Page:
Look up a book on Amazon.com, and the first media review you see isn’t from a well-known book review outlet such as the New York Times or Washington Post but from Publishers Weekly. Scroll down, and chances are you’ll also find an opinion from Kirkus Reviews, Library Journal, or Booklist.
You’ve probably never read these magazines, even if you’ve seen their names on book jackets. But they’re helping determine what youread. Together, they make up the big four of book industry trade journals, aimed at publishing insiders: newspaper and magazine editors, bookstore and library book-buyers, literary agents, and film industry types scanning them for movie rights. Long important as behind-the-scenes power brokers, they became even more powerful in the 1990s, when online booksellers signed deals with them. (Barnes & Noble.com, like Amazon, has a deal with Publishers Weekly.) Their reviews—300 or so words of plot summary, context, and a quick verdict—influence which books get noticed, bought, and promoted in the media. What might you want to know about these magazines, then?
Publishers Weekly, or PW, is the biggie—it plays Coke to Kirkus’ Pepsi. Sold on newsstands in New York as well as by subscription, PW packs a couple hundred reviews into each issue, covering everything from literary fiction and nonfiction to self-help, mystery, and children’s books. It’s also the place to go for industry news and gossip. PW’s reviews are anonymous and are largely written by freelancers; over the course of a year, in the magazine and on its Web site, PW covers about 10,000 books. (The WashingtonPost, by contrast, weighs in on 1,000 to 1,500 books.) Although PW has only 26,000 * subscribers, compared to a million-plus people who get the New York Times Book Review every Sunday, it’s read by everyone in publishing. Subscribers shell out about $214 a year for the privilege.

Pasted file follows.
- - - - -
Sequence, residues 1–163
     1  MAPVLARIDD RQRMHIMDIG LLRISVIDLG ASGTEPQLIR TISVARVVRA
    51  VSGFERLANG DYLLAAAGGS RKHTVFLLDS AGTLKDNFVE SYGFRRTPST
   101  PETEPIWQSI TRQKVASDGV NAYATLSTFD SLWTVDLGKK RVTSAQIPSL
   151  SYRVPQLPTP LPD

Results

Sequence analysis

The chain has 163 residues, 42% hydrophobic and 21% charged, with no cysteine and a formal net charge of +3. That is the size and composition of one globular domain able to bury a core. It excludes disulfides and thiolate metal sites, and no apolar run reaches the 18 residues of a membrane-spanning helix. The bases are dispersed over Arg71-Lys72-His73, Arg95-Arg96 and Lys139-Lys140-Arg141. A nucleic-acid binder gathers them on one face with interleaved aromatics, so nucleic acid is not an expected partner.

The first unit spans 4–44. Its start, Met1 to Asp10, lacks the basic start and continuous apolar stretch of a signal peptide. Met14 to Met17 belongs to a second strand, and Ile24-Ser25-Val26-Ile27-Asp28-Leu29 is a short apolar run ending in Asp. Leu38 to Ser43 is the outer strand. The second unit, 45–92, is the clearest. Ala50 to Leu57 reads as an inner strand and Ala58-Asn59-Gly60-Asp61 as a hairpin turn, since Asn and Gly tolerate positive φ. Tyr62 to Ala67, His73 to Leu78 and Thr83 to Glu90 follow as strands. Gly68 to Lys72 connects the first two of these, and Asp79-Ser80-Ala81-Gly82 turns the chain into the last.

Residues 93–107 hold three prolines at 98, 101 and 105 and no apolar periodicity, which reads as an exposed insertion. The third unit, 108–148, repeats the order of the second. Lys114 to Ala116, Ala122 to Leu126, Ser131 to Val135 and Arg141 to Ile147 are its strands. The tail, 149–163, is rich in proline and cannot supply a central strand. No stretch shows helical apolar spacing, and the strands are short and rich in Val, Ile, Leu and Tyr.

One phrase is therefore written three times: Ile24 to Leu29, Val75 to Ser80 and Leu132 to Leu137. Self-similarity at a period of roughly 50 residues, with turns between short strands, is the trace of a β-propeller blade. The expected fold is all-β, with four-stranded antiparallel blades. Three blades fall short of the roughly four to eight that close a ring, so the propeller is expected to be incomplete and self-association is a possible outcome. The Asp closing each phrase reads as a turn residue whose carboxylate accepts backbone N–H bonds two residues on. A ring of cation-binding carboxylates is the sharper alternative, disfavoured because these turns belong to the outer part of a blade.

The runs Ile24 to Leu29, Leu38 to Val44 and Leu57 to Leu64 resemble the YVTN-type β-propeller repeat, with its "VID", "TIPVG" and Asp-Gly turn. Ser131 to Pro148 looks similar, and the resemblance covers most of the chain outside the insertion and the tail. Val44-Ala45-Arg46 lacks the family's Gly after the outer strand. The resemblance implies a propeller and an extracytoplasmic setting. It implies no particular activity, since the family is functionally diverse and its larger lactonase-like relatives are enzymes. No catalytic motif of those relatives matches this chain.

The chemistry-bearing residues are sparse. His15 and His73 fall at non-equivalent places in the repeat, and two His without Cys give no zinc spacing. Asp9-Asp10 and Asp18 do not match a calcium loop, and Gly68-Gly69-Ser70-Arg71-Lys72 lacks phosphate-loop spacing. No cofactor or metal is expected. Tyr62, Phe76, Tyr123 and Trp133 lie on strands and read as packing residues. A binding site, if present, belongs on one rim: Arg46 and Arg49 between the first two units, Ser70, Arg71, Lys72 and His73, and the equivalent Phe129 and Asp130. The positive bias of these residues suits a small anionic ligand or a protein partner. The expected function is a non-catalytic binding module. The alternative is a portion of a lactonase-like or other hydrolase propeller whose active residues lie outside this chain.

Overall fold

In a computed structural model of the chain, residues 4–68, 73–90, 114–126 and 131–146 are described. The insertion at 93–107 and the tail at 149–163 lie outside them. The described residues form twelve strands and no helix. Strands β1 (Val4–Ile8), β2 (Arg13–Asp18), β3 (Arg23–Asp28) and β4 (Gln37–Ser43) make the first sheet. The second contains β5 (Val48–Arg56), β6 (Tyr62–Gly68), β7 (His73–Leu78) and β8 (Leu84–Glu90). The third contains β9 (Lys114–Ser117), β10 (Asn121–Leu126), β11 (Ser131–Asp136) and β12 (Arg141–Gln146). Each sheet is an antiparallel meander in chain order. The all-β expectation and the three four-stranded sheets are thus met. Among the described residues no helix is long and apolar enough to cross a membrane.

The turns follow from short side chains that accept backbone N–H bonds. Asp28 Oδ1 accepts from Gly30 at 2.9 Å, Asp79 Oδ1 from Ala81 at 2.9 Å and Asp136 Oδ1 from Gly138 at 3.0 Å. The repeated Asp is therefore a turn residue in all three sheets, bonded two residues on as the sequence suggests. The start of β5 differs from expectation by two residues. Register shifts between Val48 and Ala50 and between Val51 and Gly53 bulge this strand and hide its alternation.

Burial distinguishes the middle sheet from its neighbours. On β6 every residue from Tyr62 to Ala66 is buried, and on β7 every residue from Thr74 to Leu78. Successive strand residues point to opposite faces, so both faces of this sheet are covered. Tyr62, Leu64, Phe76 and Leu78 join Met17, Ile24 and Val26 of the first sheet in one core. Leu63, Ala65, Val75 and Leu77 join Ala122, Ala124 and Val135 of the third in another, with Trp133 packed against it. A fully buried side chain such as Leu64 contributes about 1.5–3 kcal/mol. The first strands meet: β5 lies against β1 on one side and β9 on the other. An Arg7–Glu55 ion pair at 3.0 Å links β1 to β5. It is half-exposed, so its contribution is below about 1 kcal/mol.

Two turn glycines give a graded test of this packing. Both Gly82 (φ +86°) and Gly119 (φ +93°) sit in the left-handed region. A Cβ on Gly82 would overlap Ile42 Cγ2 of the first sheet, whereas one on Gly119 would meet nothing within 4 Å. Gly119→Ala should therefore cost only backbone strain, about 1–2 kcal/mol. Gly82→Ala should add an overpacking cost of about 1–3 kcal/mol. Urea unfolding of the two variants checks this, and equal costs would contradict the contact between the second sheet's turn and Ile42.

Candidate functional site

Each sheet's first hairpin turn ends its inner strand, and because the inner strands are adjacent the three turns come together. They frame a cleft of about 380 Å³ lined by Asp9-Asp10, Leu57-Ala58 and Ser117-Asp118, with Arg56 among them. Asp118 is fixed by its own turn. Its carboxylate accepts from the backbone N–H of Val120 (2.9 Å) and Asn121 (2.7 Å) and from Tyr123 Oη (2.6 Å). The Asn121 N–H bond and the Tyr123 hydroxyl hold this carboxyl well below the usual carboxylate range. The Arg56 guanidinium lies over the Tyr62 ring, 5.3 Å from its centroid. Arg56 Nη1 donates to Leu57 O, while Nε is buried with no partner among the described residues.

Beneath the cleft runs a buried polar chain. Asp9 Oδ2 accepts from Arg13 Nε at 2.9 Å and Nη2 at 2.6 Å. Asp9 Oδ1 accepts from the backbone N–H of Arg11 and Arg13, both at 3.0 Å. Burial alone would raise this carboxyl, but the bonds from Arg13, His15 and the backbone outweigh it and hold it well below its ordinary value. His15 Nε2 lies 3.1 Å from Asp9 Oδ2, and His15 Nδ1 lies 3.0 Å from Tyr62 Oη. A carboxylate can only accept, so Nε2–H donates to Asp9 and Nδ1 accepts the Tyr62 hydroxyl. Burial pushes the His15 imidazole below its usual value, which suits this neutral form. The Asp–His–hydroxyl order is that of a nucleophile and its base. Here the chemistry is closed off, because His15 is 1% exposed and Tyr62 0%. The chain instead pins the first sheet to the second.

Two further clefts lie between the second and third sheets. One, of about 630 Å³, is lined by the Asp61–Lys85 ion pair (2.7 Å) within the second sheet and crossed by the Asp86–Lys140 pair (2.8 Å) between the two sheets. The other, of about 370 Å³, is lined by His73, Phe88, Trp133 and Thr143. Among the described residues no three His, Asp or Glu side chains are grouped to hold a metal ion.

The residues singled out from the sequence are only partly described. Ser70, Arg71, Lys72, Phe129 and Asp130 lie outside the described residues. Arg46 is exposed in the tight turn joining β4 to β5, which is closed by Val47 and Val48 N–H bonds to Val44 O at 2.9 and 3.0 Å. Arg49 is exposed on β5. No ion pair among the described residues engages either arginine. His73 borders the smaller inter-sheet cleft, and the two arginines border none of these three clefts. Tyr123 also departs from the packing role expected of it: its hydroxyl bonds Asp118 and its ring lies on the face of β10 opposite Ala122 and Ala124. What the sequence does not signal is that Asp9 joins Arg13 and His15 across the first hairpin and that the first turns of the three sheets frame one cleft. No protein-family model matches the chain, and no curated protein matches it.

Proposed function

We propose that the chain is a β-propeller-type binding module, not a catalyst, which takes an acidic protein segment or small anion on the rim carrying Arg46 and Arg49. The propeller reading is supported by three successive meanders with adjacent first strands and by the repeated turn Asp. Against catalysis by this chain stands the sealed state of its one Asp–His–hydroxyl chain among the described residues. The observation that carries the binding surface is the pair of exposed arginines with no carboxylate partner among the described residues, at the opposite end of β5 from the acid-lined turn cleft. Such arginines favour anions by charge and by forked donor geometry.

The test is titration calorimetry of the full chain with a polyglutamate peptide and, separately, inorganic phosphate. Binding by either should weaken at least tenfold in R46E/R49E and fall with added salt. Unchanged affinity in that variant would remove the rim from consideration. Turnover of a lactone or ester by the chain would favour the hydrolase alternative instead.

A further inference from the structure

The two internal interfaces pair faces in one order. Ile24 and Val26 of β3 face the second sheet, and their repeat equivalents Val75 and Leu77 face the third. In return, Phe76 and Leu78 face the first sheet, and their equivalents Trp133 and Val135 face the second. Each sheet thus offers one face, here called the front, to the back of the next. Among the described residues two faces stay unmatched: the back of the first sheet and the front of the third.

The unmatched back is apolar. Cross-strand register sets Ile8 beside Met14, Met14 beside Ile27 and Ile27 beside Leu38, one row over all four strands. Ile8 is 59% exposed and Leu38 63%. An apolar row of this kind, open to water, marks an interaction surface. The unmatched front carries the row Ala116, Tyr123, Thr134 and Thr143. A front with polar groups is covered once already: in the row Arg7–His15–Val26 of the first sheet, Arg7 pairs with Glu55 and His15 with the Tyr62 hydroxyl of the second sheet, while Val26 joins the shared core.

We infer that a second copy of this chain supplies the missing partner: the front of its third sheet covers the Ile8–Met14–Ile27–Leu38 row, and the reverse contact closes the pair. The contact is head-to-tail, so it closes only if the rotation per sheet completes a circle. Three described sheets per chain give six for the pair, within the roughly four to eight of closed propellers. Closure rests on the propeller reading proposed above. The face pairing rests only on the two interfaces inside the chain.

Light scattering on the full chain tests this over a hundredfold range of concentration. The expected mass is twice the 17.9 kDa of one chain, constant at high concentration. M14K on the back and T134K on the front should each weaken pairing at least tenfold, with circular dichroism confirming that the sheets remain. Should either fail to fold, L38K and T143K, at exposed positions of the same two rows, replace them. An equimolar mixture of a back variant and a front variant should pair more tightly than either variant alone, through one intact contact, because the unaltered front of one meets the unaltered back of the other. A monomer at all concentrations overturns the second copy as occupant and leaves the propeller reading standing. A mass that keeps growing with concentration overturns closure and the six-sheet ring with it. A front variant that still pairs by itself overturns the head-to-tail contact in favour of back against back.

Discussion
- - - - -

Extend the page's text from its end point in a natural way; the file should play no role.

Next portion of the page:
Kirkus isall reviews, no gossip. It’s published biweekly on non-glossy paper with no photos or illustrations. The cover is adorned only with teasers for reviews inside. Approximately 5,000 people subscribe; the rate is about $450 a year. (For this fee, you can also access Kirkus’ review archive, which dates back to 1933.) Like PW, Kirkus’ reviews are anonymous and freelance-written, but the reviewers’ identities are not as shrouded in secrecy: Each issue includes a list of contributors. As the scrappy runner-up to PW, Kirkus has long had a reputation for lively, unpredictable reviews that are sometimes outlandishly harsh. For example, take itsassessment of Dave Eggers’ stunningly successful memoir *A Heartbreaking Work of Staggering Genius: “It isn’t,” Kirkus said. Though the review allowed that the book “is better than most novel-like objects created by our younger writers,” it nevertheless concluded: “Few readers will be satisfied … for their investment of time and good will.”
Battered authors can still count on Booklist, which adheres to the golden rule of every creative-writing workshop: Find something positive to say, and proceed gently from there. “Satisfyingly dishy,” it wrote of Candace Bushnell’s Trading Up, which was savaged by Kirkus. Like Library Journal, Booklist is aimed at librarians. Published by the American Library Association, it’s distributed biweekly during the school year and monthly over the summer. Though a glossy, a typical article is “Top 10 Biographies (Adult).” Its reviews are signed, and some 30 percent to 40 percent are written in-house, according to its editor. A subscription costs $79.95 a year.
Library Journal is a sister publication of PW. (Both are published by Reed Business Information, which puts out more than 100 trade magazines, from Variety to Broadband Week). Like PW, Library Journal is a glossy, with a section given to industry news and gossip. Its reviews, which are written by librarians, are signed, and the name of the library with which each reviewer is affiliated is listed. Annual subscriptions are $134.